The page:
Auburn land swap ignores community | MY TURN
April 14, 2010 · Updated 3:10 PM
Here we go again.
Green River Community College has once more forgotten what the third word of their name means.
Some eight years ago they designed a student housing complex that would have lorded over the back yards of their home-owning neighbors. With legal intervention of the homeowners, a fair amount of animus and three years of time, they opened a much better village using a reworked design that included lowering the buildings by a story and moving them back a total of 80 feet with a green space sound and visual barrier.
Now once again they have toiled behind closed doors, without community input, to come up with the idea of sandwiching a new industrial arts complex between two areas of single family homes and their own day care center. Not an academic or administration building, but an industrial skills center. This comes complete with the piles of metal stock, cars awaiting parting or repair, stores of compressed gases for welding and the sounds associated with this activity. The location will be prime real estate replacing two community baseball fields, a playground and tennis courts. This will be the first view someone will get of the college as he or she drives by on city roads.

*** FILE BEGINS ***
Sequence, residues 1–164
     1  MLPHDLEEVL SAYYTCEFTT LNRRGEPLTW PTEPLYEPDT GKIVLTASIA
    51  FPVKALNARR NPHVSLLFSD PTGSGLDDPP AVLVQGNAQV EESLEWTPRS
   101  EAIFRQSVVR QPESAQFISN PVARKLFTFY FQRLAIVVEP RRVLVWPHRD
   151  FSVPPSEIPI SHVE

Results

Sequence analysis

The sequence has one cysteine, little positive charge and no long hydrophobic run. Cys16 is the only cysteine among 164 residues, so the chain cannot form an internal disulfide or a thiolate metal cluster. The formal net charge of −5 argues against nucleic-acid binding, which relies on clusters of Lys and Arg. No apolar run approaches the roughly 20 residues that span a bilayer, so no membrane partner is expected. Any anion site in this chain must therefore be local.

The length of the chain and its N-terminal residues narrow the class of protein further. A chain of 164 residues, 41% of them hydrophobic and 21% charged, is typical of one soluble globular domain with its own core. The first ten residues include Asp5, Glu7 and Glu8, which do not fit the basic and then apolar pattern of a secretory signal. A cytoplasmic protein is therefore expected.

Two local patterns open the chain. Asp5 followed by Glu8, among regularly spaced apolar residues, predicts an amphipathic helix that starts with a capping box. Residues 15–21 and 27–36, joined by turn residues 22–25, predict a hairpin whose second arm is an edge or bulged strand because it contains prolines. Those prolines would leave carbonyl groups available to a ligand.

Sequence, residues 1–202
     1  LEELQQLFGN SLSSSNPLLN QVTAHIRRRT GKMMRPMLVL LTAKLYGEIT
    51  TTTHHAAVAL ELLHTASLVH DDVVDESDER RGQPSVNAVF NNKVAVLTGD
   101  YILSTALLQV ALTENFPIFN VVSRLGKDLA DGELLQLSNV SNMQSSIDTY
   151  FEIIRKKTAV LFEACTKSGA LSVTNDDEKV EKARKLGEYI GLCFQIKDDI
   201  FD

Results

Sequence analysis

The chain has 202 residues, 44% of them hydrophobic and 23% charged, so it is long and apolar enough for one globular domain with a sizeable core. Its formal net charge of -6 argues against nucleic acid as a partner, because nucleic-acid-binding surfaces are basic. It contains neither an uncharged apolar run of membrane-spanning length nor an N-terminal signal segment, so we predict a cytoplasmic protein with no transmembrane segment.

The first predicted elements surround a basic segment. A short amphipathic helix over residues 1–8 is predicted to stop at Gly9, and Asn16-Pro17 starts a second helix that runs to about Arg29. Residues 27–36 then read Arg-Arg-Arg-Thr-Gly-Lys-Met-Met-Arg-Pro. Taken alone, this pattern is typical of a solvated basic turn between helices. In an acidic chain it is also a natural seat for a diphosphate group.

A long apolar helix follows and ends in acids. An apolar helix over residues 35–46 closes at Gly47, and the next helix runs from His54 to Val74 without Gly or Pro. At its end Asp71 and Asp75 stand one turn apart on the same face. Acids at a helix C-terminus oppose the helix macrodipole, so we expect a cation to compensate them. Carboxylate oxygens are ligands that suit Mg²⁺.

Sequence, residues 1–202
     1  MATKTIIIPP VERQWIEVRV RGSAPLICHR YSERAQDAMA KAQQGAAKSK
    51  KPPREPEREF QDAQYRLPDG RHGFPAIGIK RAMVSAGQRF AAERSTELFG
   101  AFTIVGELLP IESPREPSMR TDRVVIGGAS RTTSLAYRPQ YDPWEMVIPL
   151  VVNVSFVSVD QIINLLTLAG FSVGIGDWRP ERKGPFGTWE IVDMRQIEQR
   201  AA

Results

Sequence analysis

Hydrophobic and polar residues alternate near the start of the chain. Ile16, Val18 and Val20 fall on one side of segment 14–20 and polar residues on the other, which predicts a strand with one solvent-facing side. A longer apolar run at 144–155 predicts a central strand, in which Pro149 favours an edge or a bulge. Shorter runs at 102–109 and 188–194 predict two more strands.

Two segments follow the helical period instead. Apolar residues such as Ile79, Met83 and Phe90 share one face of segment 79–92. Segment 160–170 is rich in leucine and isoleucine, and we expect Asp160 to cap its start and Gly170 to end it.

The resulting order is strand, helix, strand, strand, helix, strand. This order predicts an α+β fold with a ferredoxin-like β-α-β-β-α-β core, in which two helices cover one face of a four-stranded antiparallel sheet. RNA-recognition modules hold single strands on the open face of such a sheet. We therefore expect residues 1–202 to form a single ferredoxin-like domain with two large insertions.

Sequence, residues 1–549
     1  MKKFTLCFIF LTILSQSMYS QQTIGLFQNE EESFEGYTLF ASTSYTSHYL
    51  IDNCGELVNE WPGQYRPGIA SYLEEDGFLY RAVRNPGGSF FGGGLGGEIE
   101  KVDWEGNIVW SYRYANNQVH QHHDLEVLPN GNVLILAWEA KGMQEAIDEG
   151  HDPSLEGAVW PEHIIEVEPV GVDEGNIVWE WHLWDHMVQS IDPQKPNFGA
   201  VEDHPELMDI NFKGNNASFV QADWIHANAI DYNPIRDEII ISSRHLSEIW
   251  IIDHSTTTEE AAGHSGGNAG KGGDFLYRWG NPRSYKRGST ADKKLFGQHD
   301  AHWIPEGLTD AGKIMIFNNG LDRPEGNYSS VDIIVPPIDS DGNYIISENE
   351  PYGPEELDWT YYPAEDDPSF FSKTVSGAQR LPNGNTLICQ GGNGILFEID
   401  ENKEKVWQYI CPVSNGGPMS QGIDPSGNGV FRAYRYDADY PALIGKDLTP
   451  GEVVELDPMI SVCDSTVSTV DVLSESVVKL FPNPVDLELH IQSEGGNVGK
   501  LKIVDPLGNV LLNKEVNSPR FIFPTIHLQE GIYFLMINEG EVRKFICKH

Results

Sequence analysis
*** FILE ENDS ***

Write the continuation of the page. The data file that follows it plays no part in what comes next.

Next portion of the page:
This involves a clever land swap with the City of Auburn, but one cannot help but wonder what folks who once congratulated themselves on buying a house with the view of ball fields will feel about looking at workshops and industrial activity instead. The crack of the bat and the cheers of the crowd don’t quite equal the sounds of the pounding and grinding of metal.
Now this is in the realm of the Golden Rule. How would you like to be treated if this was at the end of your block, across the street from your home? Why didn’t GRCC learn from the last time they tried to impact the people who are their neighbors without asking for their input?
For an institution of higher learning they clearly have not learned, and frankly, the college’s administration must be given a failing grade on working well with others.
Russ Campbell is a Rainier Ridge resident.